- Oscar Powell's techno literally sounds like trash—it's as though he assembles his tracks from parts he found in a junkyard, all broken metal and the crunch of machinery. Last year's Club Music was a collection of killer dance floor cuts that felt strung together with twine, and his debut for XL does it one better.
Recalling the drum & bass-inspired Fizz, "Sylvester Stallone" is as high-octane as the action movies its namesake stars in. It's essentially electro mangled beyond recognition, and it surges like it's in a rush to get somewhere. Along that rocky road we get piercing resonance, concrete-grinder noise and melodies that sputter randomly, as if Powell dumped a bucket of water on his sequencer. "Smut" is closer to the lopsided funk of Club Music, based on a lurching drum sample with plenty of odd sound effects and bits of static. Topped off with snares that land in all the wrong places, it's endearingly ramshackle. Both tracks are rough and not necessarily what you'd expect from an artist debuting on a mainstream-baiting label like XL. But Powell's most prominent 12-inch yet further highlights his idiosyncratic talent for moulding aural debris into captivating club tracks.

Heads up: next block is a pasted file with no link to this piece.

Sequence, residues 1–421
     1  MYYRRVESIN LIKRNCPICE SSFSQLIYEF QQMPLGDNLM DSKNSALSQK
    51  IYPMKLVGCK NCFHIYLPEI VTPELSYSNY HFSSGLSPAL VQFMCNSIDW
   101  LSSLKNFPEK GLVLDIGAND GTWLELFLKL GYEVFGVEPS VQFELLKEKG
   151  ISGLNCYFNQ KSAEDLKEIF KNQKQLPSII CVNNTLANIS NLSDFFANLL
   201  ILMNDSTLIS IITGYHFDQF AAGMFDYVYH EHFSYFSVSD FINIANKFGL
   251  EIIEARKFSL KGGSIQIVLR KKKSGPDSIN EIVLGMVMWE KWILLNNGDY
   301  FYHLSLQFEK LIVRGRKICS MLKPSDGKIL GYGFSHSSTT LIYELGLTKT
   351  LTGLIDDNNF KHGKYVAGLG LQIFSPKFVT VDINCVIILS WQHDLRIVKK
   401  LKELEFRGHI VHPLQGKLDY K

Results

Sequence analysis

A1 Sylvester Stallone